“The LXN 500 weighs six kilograms and comes in a backpack with two batteries. It offers a range of 1km and allows up to 100 connections at the same time. However, in many situations the disaster area may span more than 1km which is why they can be connected to each other in a mesh formation,” says Tunde Williams, Head of Field and Solutions Marketing EMEA, Motorola Solutions.

The LXN 500 solution offers communication through two-way radios, and includes mapping, messaging, push-to-talk, video and imaging features onboard, thus eliminating the need for any additional hardware.

Data collected on the device can then be sent through to a central control room where an operator can deploy additional rescue personnel where needed. Once video is streamed into the control room, realtime analytics and augmented reality can be applied to it to help predict where future problem points may arise. Video images and other multimedia can also be made available for rescuers on the ground.

“Although the LXN 500 was designed for the seamless communications between on ground rescue teams and their respective control rooms, it has made its way into the police force and in places where there is little or no cellular signal such as oil rigs,” says Williams.

He gave a hostage scenario: “In the event of a hostage situation, it is important for the police to relay information in realtime to ensure no one is hurt. However the perpetrators often use their mobile phones to try and foil any rescue attempts. Should the police have the correct partnerships in place they are able to disable cellular towers in the vicinity, preventing any in or outgoing calls on a public network and allowing the police get their job done quickly and more effectively.”

By disabling any public networks in the area, police are also able to eliminate any cellular detonated bombs from going off but still stay in touch with each other he says.

The LXN 500 offers a wide range of mission critical cases and is sure to transform communications and improve safety for first responders and the people they are trying to protect.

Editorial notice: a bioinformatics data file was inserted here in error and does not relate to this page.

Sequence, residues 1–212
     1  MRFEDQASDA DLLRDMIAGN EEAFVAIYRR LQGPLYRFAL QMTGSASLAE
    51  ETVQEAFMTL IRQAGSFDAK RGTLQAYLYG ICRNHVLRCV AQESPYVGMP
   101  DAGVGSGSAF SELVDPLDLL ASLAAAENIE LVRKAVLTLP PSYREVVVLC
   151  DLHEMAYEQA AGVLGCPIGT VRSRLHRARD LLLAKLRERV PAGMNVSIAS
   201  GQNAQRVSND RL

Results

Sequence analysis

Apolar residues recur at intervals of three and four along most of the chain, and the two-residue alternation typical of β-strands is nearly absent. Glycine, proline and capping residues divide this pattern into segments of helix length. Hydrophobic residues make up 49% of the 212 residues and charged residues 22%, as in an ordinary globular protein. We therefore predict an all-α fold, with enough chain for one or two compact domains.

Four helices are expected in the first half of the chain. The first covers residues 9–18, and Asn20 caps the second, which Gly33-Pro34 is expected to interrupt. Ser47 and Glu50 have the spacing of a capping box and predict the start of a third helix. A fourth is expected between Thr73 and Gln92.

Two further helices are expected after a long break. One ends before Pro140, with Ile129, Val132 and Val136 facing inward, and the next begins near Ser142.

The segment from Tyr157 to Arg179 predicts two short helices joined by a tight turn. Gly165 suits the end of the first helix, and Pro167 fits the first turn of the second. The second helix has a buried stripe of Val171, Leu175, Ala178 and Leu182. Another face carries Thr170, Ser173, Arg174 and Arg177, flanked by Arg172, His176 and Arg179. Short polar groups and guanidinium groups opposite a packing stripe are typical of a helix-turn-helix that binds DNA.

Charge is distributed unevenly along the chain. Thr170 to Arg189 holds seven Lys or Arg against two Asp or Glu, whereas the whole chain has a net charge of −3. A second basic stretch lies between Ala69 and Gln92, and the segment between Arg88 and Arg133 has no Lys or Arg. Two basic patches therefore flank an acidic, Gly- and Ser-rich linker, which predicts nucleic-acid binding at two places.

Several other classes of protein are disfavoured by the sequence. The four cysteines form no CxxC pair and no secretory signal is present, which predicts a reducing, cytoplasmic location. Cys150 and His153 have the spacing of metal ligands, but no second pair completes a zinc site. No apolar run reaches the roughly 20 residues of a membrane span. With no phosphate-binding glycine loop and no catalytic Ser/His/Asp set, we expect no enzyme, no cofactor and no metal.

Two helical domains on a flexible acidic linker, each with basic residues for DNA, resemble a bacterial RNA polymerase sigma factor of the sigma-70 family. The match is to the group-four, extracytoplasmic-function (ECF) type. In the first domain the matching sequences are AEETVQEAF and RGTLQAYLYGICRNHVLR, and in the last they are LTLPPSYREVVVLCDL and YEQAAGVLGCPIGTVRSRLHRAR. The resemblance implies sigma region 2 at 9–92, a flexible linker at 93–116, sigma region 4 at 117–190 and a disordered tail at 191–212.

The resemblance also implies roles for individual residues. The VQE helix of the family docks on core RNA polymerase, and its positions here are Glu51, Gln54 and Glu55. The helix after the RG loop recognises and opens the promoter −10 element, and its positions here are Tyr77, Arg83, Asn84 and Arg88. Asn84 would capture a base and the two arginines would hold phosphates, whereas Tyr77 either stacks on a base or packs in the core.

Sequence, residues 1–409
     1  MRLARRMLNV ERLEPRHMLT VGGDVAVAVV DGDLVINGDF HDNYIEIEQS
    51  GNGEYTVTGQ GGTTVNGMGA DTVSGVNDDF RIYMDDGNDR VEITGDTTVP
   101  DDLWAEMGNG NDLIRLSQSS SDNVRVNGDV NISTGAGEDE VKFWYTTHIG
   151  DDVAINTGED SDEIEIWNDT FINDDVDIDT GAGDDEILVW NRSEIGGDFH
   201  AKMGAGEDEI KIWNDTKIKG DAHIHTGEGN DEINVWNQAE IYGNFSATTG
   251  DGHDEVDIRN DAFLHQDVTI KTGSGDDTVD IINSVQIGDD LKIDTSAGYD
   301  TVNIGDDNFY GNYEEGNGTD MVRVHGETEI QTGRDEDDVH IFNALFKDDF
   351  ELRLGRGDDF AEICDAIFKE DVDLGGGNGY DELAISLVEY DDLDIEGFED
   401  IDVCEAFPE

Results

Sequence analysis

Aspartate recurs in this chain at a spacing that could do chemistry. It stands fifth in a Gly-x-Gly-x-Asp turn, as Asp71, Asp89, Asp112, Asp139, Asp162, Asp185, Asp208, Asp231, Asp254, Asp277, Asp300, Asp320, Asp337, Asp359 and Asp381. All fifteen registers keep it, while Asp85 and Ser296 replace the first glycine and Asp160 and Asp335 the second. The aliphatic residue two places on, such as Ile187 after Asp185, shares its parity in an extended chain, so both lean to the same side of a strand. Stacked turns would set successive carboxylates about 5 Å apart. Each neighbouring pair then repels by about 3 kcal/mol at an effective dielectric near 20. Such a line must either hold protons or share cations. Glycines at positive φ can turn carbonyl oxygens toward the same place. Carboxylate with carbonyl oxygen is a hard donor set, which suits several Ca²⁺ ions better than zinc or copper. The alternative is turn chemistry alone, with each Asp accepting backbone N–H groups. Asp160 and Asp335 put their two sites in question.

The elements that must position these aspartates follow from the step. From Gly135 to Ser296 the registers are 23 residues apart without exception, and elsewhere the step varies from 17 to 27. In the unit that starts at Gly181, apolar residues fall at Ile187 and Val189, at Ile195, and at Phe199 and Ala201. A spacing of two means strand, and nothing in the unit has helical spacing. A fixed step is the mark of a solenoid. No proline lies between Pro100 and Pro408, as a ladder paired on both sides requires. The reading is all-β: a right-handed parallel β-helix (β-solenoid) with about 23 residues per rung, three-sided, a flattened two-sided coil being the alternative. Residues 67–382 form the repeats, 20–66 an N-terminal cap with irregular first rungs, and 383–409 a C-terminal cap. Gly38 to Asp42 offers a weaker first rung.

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Kaspersky moves to Switzerland

As part of its Global Transparency Initiative, Kaspersky Lab is adapting its infrastructure to move a number of core processes from Russia to Switzerland.

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This includes customer data storage and processing for most regions, as well as software assembly, including threat detection updates. To ensure full transparency and integrity, Kaspersky Lab is arranging for this activity to be supervised by an independent third party, also based in Switzerland.

Global transparency and collaboration for an ultra-connected world

The Global Transparency Initiative, announced in October 2017, reflects Kaspersky Lab’s ongoing commitment to assuring the integrity and trustworthiness of its products. The new measures are the next steps in the development of the initiative, but they also reflect the company’s commitment to working with others to address the growing challenges of industry fragmentation and a breakdown of trust. Trust is essential in cybersecurity, and Kaspersky Lab understands that trust is not a given; it must be repeatedly earned through transparency and accountability.

The new measures comprise the move of data storage and processing for a number of regions, the relocation of software assembly and the opening of the first Transparency Center.

Relocation of customer data storage and processing

By the end of 2019, Kaspersky Lab will have established a data center in Zurich and in this facility, will store and process all information for users in Europe, North America, Singapore, Australia, Japan and South Korea, with more countries to follow. This information is shared voluntarily by users with the Kaspersky Security Network (KSN) an advanced, cloud-based system that automatically processes cyberthreat-related data.

Relocation of software assembly

Kaspersky Lab will relocate to Zurich its ‘software build conveyer’ — a set of programming tools used to assemble ready to use software out of source code. Before the end of 2018, Kaspersky Lab products and threat detection rule databases (AV databases) will start to be assembled and signed with a digital signature in Switzerland, before being distributed to the endpoints of customers worldwide. The relocation will ensure that all newly assembled software can be verified by an independent organisation and show that software builds and updates received by customers match the source code provided for audit.

Establishment of the first Transparency Center

The source code of Kaspersky Lab products and software updates will be available for review by responsible stakeholders in a dedicated Transparency Center that will also be hosted in Switzerland and is expected to open this year. This approach will further show that generation after generation of Kaspersky Lab products were built and used for one purpose only: protecting the company’s customers from cyberthreats.

Independent supervision and review

Kaspersky Lab is arranging for the data storage and processing, software assembly, and source code to be independently supervised by a third party qualified to conduct technical software reviews. Since transparency and trust are becoming universal requirements across the cybersecurity industry, Kaspersky Lab supports the creation of a new, non-profit organisation to take on this responsibility, not just for the company, but for other partners and members who wish to join.